Gamma-rays from the Galactic Center, a dark matter

Gamma-rays from the Galactic Center, a dark matter

For a few years now, excess emission of gamma-rays in the direction of the Galactic Center has puzzled scientists. In the paper we discuss today, the authors re-analyze data from the Fermi telescope to get new insights into the origin of this excess emission. They make the case for the signal being described by dark matter particles annihilating in the center of our Galaxy.

Closing in on Dark Matter?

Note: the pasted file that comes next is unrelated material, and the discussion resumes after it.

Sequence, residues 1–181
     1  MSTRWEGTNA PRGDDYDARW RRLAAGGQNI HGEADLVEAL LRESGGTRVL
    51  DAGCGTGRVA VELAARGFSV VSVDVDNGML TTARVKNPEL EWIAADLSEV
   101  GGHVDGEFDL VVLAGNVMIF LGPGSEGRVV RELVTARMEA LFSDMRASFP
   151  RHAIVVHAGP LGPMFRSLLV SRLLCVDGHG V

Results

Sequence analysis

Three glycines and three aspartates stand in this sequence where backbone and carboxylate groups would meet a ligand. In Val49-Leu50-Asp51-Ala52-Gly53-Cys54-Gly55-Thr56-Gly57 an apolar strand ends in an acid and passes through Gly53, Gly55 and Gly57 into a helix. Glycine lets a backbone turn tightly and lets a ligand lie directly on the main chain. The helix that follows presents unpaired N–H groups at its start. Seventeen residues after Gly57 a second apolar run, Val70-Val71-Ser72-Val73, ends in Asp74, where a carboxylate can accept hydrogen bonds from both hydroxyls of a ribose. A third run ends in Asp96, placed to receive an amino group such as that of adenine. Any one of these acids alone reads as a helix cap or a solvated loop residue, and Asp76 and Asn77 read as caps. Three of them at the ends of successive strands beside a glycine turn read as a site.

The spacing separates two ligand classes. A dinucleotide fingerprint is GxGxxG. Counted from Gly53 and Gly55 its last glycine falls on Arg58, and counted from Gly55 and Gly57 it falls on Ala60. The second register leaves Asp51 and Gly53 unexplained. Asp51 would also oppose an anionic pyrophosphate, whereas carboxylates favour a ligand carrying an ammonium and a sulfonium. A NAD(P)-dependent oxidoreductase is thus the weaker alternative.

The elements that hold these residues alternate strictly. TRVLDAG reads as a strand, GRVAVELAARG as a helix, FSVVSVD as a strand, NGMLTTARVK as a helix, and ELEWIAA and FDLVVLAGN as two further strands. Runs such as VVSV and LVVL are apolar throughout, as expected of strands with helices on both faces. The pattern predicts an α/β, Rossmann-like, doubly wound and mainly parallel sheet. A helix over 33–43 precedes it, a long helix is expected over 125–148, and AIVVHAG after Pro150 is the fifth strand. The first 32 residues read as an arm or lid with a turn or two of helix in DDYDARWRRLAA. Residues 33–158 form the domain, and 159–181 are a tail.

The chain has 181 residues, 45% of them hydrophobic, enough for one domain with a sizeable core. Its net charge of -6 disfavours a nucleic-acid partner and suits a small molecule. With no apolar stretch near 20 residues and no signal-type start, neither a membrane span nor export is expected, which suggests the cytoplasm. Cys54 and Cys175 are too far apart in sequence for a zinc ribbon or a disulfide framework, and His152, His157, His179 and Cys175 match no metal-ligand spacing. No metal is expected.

Closing in on Dark Matter?

The Cryogenic Dark Matter Search experiment has found signatures in its data consistent with a dark matter Weakly Interacting Massive Particle. While not confident enough to declare a dark matter discovery, they estimate that there is only a 0.2% chance that these signatures are caused by random chance.

OGLEing MACHOs

OGLEing MACHOs

In previous astrobites posts, we’ve talked about using microlensing to find planets and to detect dark matter in other galaxies. However, one of the earliest applications of microlensing was a bit closer to home: the detection of compact objects in the dark matter halo of our own galaxy. We know there is a lot more mass in galaxies, including our own, than what we can see. Dark matter comprises more than 80% of the matter in our Universe, but what is it really comprised of?